Sierra Leone Parents Say Children Adopted Without Consent
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By Nina DeVries
July 23, 2012 / VoiceofAmerica
For years, parents in the West African nation of Sierra Leone have claimed their children were adopted without their consent during the country's civil war in the 1990s. A police investigation was concluded recently regarding their claims. And staff from the agency that handled the adoptions have been charged with 32 counts, including human trafficking.
"Whenever I go to bed I see their faces, whatever I'm doing, normally my mind will drop to them," said Abu Bakar Kargbo as he recalled his two siblings who were allegedly adopted illegally.
For 15 years he has been determined to find out where they are and let them know it was never the intent of their parents to give them up.
He is also the spokesperson for 29 other parents who claim they never gave up their children.
The parents say they left them at the Help A Needy Child International Center, or HANCI, during the war temporarily, so they would be safe and receive education.
HANCI then apparently contacted Maine Adoption Placement Services, which placed 29 children with parents in the United States.
Roland Wright is a lawyer representing the HANCI staff. He says a preliminary investigation will determine whether or not there is enough evidence to bring the matter to trial.
According to Wright, the HANCI staff did everything legally. And the parents who handed over the children to HANCI knew that. "It was known and quite clearly established that any child that went there was a potential adoption case," he explained.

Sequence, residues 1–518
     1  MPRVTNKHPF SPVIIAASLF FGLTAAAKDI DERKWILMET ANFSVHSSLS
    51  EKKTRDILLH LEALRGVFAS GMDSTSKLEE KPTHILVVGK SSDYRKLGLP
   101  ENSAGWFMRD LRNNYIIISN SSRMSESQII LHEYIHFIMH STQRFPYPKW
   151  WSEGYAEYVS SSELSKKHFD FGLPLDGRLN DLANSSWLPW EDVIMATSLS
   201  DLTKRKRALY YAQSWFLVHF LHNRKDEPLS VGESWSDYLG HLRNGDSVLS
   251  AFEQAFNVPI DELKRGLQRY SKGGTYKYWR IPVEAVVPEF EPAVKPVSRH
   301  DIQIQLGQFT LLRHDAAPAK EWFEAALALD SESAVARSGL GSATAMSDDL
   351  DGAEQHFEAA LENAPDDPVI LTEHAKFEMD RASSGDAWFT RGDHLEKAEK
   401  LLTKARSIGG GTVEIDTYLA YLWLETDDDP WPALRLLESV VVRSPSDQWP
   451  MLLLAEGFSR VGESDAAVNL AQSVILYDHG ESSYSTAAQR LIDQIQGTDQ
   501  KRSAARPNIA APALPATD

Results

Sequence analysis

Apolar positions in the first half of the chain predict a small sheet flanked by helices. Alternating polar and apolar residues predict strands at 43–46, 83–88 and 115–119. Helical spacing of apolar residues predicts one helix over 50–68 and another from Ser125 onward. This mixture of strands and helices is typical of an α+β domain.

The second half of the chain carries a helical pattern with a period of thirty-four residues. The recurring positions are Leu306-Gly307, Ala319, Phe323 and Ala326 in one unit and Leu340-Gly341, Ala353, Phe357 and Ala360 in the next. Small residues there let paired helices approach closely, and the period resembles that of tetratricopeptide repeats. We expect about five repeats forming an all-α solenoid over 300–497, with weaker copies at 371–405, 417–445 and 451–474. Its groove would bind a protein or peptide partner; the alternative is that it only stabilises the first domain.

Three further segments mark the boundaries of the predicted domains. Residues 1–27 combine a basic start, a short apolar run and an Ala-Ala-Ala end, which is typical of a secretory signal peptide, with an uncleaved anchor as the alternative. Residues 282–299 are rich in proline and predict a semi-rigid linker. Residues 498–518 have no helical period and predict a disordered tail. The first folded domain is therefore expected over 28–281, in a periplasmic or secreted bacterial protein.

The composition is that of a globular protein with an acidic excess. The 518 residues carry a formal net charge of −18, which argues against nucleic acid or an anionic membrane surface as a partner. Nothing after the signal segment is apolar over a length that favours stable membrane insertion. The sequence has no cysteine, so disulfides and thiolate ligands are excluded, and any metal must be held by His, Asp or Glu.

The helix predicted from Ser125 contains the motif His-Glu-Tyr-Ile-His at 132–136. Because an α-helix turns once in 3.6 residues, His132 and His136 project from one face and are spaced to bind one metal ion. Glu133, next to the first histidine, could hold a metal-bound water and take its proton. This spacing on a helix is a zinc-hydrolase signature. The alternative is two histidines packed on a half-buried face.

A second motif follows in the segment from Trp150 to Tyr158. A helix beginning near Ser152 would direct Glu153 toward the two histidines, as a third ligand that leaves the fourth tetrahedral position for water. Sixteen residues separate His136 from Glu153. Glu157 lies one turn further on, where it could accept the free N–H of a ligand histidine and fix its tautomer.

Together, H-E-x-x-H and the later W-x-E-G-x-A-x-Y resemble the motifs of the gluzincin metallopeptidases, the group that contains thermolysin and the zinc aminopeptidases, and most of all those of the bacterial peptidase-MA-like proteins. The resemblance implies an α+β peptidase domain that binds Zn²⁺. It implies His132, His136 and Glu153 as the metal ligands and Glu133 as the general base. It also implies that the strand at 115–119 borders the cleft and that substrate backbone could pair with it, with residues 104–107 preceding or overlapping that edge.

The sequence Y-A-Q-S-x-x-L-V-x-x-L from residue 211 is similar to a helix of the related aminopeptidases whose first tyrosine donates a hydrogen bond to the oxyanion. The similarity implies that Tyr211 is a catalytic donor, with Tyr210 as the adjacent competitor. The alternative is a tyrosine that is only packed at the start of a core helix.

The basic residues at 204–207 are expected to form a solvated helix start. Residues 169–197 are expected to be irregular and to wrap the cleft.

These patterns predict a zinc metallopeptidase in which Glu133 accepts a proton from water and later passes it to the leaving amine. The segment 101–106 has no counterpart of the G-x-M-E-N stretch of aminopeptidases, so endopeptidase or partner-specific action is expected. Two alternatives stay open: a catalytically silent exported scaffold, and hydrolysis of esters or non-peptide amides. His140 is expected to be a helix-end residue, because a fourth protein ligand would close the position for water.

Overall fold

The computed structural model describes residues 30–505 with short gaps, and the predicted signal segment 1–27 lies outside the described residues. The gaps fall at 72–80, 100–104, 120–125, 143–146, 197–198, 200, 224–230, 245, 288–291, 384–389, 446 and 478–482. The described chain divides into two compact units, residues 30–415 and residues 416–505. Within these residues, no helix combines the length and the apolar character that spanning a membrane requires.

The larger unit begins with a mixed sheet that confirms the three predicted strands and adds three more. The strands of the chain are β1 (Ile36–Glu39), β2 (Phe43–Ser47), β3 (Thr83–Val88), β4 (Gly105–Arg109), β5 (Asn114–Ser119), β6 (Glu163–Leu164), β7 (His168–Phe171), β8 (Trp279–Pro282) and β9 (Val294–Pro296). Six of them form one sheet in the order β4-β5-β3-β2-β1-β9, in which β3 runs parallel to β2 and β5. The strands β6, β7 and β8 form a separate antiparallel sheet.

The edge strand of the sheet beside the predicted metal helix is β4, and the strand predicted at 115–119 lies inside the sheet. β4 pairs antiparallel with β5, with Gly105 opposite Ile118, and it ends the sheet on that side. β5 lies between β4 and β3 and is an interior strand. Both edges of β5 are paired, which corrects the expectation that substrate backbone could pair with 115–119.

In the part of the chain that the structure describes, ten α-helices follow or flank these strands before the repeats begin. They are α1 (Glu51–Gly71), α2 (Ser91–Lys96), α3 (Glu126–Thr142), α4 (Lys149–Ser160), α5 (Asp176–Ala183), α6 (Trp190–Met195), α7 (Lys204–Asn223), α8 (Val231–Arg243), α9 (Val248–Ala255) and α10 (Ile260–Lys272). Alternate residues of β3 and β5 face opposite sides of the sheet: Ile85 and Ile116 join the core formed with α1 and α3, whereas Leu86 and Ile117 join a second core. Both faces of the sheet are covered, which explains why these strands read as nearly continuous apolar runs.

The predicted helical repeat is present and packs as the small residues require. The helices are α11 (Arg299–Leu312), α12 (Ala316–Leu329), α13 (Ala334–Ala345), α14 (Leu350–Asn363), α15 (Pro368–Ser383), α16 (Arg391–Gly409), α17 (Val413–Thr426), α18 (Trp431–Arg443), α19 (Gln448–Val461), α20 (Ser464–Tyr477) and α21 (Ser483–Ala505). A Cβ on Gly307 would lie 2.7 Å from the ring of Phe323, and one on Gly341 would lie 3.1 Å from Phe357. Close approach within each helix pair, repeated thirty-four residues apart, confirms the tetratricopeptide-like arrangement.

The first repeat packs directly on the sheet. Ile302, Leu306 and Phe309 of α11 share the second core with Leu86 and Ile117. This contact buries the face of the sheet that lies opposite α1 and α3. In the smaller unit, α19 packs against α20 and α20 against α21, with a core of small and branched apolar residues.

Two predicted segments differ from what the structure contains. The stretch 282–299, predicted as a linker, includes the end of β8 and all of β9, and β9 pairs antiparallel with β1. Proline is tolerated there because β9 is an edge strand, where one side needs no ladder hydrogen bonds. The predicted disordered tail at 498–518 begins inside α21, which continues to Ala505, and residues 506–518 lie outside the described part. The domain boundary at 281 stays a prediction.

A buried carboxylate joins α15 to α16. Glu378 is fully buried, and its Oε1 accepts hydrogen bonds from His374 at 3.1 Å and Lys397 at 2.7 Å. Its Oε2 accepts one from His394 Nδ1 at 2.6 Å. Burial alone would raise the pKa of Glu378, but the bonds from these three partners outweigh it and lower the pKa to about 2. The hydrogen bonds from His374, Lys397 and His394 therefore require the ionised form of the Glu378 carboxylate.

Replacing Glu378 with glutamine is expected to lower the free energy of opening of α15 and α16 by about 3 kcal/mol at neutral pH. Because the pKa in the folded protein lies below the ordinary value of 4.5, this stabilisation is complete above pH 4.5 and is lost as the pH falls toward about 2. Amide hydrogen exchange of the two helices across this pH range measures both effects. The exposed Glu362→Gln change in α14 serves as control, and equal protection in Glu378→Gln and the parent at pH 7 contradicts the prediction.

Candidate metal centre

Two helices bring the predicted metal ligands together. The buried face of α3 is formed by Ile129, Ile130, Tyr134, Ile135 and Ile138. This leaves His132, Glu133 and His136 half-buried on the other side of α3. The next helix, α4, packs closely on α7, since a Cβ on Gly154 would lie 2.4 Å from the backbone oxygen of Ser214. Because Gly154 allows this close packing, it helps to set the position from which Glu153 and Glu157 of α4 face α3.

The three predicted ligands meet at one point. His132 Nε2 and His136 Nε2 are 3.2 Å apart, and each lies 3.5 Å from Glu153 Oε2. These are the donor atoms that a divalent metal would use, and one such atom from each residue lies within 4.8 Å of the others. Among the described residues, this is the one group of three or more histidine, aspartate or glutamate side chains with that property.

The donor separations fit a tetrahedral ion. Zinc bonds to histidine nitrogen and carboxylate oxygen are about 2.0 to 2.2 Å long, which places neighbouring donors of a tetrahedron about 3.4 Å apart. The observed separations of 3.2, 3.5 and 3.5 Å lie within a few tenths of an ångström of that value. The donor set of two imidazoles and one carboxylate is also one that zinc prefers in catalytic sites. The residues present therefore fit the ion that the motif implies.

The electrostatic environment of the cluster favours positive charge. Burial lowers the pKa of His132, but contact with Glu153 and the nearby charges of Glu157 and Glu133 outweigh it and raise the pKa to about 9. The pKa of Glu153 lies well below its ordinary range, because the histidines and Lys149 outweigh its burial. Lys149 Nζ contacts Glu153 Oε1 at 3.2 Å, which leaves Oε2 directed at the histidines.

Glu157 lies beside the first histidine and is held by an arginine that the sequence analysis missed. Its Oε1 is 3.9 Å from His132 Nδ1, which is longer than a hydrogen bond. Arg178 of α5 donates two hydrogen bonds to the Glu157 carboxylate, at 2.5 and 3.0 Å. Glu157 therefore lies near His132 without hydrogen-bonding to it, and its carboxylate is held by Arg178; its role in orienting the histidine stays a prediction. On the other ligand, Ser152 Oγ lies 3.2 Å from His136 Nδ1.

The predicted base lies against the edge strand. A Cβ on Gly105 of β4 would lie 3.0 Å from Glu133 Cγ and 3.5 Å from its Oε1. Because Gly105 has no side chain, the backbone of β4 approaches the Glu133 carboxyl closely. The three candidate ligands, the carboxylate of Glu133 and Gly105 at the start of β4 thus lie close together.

He is confident HANCI will be proven innocent.
This isn't the first time the agency has been charged. Back in 2004 several members from HANCI were charged with violation of adoption laws but the matter was dismissed due to lack of evidence.
Anti-trafficking organizations in Freetown are also feeling the effects of the HANCI case.
Janet Nickel works as a technical advisor for an anti-trafficking program with World Hope International. She says communities they work with are confusing adoption and trafficking. They think it means the same thing.
Nickel explains some do not realize that trafficking involves exploitation. "So you explain that and then people say oh yes, that is happening, it's going on in our community and they can start naming cases where somebody has been exploited but they never thought of it as trafficking, as they thought trafficking is adoption," she stated.
She also questions if the trafficking charges are even accurate. "If there's no exploitation, if it's not for criminal purpose, it doesn't fit the definition of child trafficking," she added.
No one from the police unit was available to comment on their report and if they found evidence of exploitation.
Nickel adds one young woman adopted through HANCI has come back and met her biological father. She says there is no evidence of any exploitation of the adoptee.
Another recent report from the Associated Press says a 17-year-old woman named Michaela DePrince, also part of the HANCI adoptions, grew up to become a professional ballerina living in the United States, and travels internationally to perform.
As for Abu Bakar Kargbo, he says he does not know of this young dancer but is searching for more answers to see if her family may still be around.
When asked if the biological parents are seeking financial compensation, he said it's not about money. Rather that they just want their children to know that they are alive and establish a relationship.
In the meantime, he says he will continue to push for answers as to what really happened during the adoptions.
The next court date is set for August 10th.